Extend the Leaflet map project

I have recently worked on an open source map, which served well to represent points of interest from an external source. While using it, I have come to the conclusion that it can receive some updates.

This is an extension of the existing project, so I will just link the article for prerequisites and any other thoughts:

Do not load default data

While using it, I noticed that the map behaves differently because of the demo data being loaded at first render and then updated with what comes from the provided API endpoint. Therefore, the first change we will do is to create a fallback page for when we don’t have an ?api= parameter specified and then tweak the api hook.

In Map.tsx we will add the following code just before the return:

if (!URLParams.api) {
  return (
    <div className="p-4 text-center">
      It appears you have not specified an <strong>?api=</strong> param. You
      can use the default meanwhile:
      <div className="pt-4">
        <a href="?api=/cities_in_romania.json">cities_in_romania.json</a>

In the ./hooks/useGetPOI.ts we will do nothing if we don’t have a value for the url and return the demo data if its value is provided:

useEffect(() => {
  // No url was provided
  if (!url) {

  // Load the default data
  if (url === "/cities_in_romania.json") {


Improve assets structure

For an improved assets structure, we will move the icons to their own folder and rename the images folder to marker as it only contains the marker images:

Envelope the entries to add metadata

The map currently shows the points of interest, but they are out of context. It would be nice if it had the capacity to show some metadata, whenever the API provides it. We will update the data for that and also create a new component in the project: a button tooltip.

The data structure

We will keep the existing format, but we will also add a case for enveloped data. The approach will be the following:

interface APIEnvelope<T> {
  metadata: string | string[];
  records: {
    latitude: number;
    longitude: number;
    title: string;
    description?: string | string[];

Changing the hook

The envelope we prefer will be {metadata:"", records: []} which means that some changes will also happen in the api hook and the Map.tsx component. One bigger change mainly for code readability is that we will change the data related variable and function names to records:

  • data will become records;
  • setData() will become setRecords();
  • filteredData will become filteredRecords.
  "metadata": "These are a few of the beautiful cities of Romania!",
  "records": [
    { "title": "Bucharest", "latitude": 44.4268, "longitude": 26.1025 },
    { "title": "Timisoara", "latitude": 45.7489, "longitude": 21.2087 }

The tooltip

To show the metadata when available, we will create tooltip which will be shown on a new info button:

import { FunctionComponent, HTMLProps, PropsWithChildren } from "react";

interface TooltipProps extends HTMLProps<HTMLButtonElement> {
  text: string | string[];

const Tooltip: FunctionComponent<PropsWithChildren<TooltipProps>> = ({
}) => {
  return (
    <div className="relative inline-block group duration-300">
        className={`tooltip hidden group-hover:block absolute -top-2 -right-3 translate-x-full bg-gray-800 text-white text-sm py-1 px-2 opacity-90 rounded-md cursor-pointer before:content-[''] before:absolute before:top-1/2  before:right-[100%] before:-translate-y-1/2 before:border-8 before:border-y-transparent before:border-l-transparent before:border-r-gray-700 ${className}`}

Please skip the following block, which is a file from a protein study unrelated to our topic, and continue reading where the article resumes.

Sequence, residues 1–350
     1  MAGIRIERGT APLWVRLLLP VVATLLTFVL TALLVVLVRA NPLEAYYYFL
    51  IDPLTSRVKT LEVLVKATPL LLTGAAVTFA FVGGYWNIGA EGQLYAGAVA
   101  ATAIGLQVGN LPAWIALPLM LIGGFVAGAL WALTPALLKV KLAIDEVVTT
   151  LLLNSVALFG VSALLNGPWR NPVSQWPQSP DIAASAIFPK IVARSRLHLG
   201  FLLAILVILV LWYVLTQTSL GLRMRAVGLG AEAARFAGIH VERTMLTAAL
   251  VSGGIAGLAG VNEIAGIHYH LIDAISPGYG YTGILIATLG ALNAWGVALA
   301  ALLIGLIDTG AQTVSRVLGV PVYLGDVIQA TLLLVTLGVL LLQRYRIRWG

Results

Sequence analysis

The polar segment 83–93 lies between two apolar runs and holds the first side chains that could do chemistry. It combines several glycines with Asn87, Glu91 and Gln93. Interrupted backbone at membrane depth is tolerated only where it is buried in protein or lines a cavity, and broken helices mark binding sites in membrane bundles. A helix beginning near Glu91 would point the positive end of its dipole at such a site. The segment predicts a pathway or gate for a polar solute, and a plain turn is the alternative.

? text
          : text.map((textItem, key) => (
              <div className="mb-2" key={key}>

export default Tooltip;

More info:

The new button

In Map.tsx, below the last button wrapper we will add:

{!!metadata && (
  <ButtonWrapper className="absolute left-[10px] top-[120px]">
    <Tooltip text={metadata} className="text-left w-[240px] ">
        <IconInfoSVG width={15} height={15} />

Now, when hovering over the information button, we should see a tooltip opening to the right. 😸

Prettier to handle the order of tailwind classes

We will use prettier to auto arrange the tailwind classes in a predefined order in Visual Studio Code. I think this is a step that needs to be done in most of the projects using tailwind.

We already have eslint in the project, so we will only do some tweaks there.

  • npm install --save-dev eslint prettier @typescript-eslint/eslint-plugin @typescript-eslint/parser eslint-config-prettier eslint-plugin-import eslint-plugin-jsx-a11y eslint-plugin-react eslint-plugin-react-hooks
  • npm i --save-dev prettier-plugin-tailwindcss

.eslintrc.cjs will be updated to:

module.exports = {
  root: true,
  env: { browser: true, es2020: true },
  extends: [
  settings: {
    "react": {
      "version": "detect"
    "import/resolver": {
      "node": {
        "paths": [
        "extensions": [
  rules: {
    "no-unused-vars": [
        "vars": "all",
        "args": "after-used",
        "ignoreRestSiblings": true,
        "argsIgnorePattern": "^_"
    "react/react-in-jsx-scope": "off",
    'react-refresh/only-export-components': [
      { allowConstantExport: true },
    "jsx-a11y/no-static-element-interactions": "off",
    "jsx-a11y/click-events-have-key-events": "off"
  ignorePatterns: ['dist', '.eslintrc.cjs'],
  parser: '@typescript-eslint/parser',
  plugins: ['react-refresh']

.prettierrc will become:

  "trailingComma": "all",
  "tabWidth": 2,
  "semi": false,
  "singleQuote": true,
  "printWidth": 80,
  "bracketSpacing": true,
  "endOfLine": "lf",
  "plugins": ["prettier-plugin-tailwindcss"]

More info: